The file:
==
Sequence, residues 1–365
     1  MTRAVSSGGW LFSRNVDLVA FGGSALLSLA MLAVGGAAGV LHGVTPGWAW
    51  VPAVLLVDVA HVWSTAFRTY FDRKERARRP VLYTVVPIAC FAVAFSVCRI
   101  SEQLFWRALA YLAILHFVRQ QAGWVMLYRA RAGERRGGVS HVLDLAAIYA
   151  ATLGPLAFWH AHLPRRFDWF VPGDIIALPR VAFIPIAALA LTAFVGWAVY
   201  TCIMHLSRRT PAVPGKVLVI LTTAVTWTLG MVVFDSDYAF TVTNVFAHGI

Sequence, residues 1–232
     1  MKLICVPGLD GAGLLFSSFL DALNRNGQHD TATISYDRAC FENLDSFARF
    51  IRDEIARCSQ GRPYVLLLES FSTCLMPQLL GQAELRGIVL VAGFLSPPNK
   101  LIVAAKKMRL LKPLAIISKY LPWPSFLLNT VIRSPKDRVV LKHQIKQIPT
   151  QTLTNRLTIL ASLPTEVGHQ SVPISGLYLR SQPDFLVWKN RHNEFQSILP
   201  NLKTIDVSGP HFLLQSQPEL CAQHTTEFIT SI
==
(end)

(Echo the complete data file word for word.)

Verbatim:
Sequence, residues 1–365
     1  MTRAVSSGGW LFSRNVDLVA FGGSALLSLA MLAVGGAAGV LHGVTPGWAW
    51  VPAVLLVDVA HVWSTAFRTY FDRKERARRP VLYTVVPIAC FAVAFSVCRI
   101  SEQLFWRALA YLAILHFVRQ QAGWVMLYRA RAGERRGGVS HVLDLAAIYA
   151  ATLGPLAFWH AHLPRRFDWF VPGDIIALPR VAFIPIAALA LTAFVGWAVY
   201  TCIMHLSRRT PAVPGKVLVI LTTAVTWTLG MVVFDSDYAF TVTNVFAHGI

Sequence, residues 1–232
     1  MKLICVPGLD GAGLLFSSFL DALNRNGQHD TATISYDRAC FENLDSFARF
    51  IRDEIARCSQ GRPYVLLLES FSTCLMPQLL GQAELRGIVL VAGFLSPPNK
   101  LIVAAKKMRL LKPLAIISKY LPWPSFLLNT VIRSPKDRVV LKHQIKQIPT
   151  QTLTNRLTIL ASLPTEVGHQ SVPISGLYLR SQPDFLVWKN RHNEFQSILP
   201  NLKTIDVSGP HFLLQSQPEL CAQHTTEFIT SI